The family firm as organizational form is a cornerstone of the economy in most countries of the world (Astrachan & Shanker, 2003). This is so because they represent a major engine of economic growth, wealth creation and they also significantly contribute to their country’s economic growth (Villalonga & Amit 2006, 2009).

The low rate of survival of many the family business has become a source of concern to many national economies all over the world. Davis & Harveston, (1998) explains that 30% of family businesses survive beyond the first generation while about 10% to 15% moves into third generation. Despite this high rate of mortality, there are successful family businesses that are still in existence in Nigeria and notable among them include: Ibrus Group of Companies, the Bruce family’s Domino Groups, Dangote Group of Companies, Dantata Group of Companies, Ekene Dili-Chukwu transport, Iyare transport, Owodunni & Sons, God is Good Transport, Ehidenro & Sons, Alhaji Folawiyo Group of companies among others who have stays decade without issues of liquidattion (Momoh, 2010).

One of the greatest derelictions of leaders in Nigerian society is their failure to mentor or nurture their successors to carry on founders’ legacy profitably. This problem emanates from the view of Rothwell’s (2005) who observed that the survivability of any organizations depends largely on the people who controls and manage such organizations. Ineffective succession planning has continued to be the major cause for the poor survival rate of family firms (Poutziouris, 2000). The role that organizational continuity and sustainability could be thwarted if a successor is necessary and when there are no effective mentoring on who take over the mantle. Most scholars, (Yusuf, 2000; Bagby, 2004), agree that leadership method was an integral part of the transformation strategy to facilitate family businesses survivability. Though, the preliminary investigations conducted into the cause of failure and demise of family businesses in Nigeria shows that leadership tussle and planning for succession has been one major problem creating the ineffectiveness. The high failure rate of family businesses in Nigeria leads to negative social and economic growth

Planning for trans-generational transition with the inclusion of pragmatic leaders leading to survivability and longevity of family businesses in Nigeria was, however, politicized, treated with nepotism and favoritism (ineffectiveness), leading to their general lack of longevity as they suddenly become mortal just as their founders since they also die with their proprietors (i.e., rendering most of these firms in serious shallows especially when the owner-manager died). It is against this background that this study evaluates the roles that leadership plays on survivability (survival success) of family businesses in Nigeria.

Review of Literature

Leadership in Family Business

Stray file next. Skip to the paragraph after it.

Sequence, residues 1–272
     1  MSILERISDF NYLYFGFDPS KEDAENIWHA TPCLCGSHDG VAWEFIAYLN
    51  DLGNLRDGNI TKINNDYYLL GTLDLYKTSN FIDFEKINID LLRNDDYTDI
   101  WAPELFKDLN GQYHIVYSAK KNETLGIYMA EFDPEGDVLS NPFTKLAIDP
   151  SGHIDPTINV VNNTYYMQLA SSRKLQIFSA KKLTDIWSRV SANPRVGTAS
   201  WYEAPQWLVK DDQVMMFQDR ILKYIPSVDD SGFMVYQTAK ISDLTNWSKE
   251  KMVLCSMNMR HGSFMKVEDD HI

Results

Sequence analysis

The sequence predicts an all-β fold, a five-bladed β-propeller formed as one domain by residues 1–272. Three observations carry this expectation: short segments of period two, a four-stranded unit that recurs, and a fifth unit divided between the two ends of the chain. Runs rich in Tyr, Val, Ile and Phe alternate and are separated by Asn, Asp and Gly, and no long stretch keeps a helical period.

Leadership is one of the social sciences most examined phenomena in academic (Dreux, 2000). This is not surprising, seeing that it is a world-wide activity evident in humankind and in animal species. According to Dreux (2000), there is widespread belief that leadership is critical for effective organizational and social functioning while extraordinary efforts necessary to solve existing problems is made possible by leadership.

Leadership is about setting a vision, guiding the followers and influencing them to reach the vision and to achieve common goals in order to achieve organizational sustainability (Ponder, 2005). It is a process of transforming a business from what it is to what the leader wants it to become. There are many theories and models describing these critical components and concepts of leadership within individuals and organizations.

Lubatkin et al., (2007) identifies certain characteristics and practices in this process of getting things done through other people. Leadership defines the role rather than the person and leadership is understood by most people as having the freedom in their role to make a difference. Authors posit that leadership is one of the world‘s oldest preoccupations that can be measured and taught (Lubatkin et al., 2007). Though, there are many definitions of leadership. Bass and Bass (2008), identify various approaches to the definition, which particularly focus on group processes, personality, specific acts or behaviors, goal achievement, group interaction effects, differentiated roles, initiation of structure, as well as the ability to induce compliance, influence, forms of persuasion, and power relationships. Leadership is seen defined as a social influencing process through which leader focuses on obtaining participation of employees to achieve corporate goals (Sharma & Manikutty, 2005).

As agreed by most scholars’ leadership can be defined ways and process of influencing people and the outcomes that occur between a leader and followers. There are many distinctive challenges confronting family businesses due to different family members being involved in different business issues (Sorenson, 2000). There are different fundamental theories that could be used to explore the relationship between leadership qualities in the family business and the performance of the business. The family systems theory suggests there is an understanding that making leadership decisions includes overlapping the requirements of the family, ownership and the business management (Poza, 2014).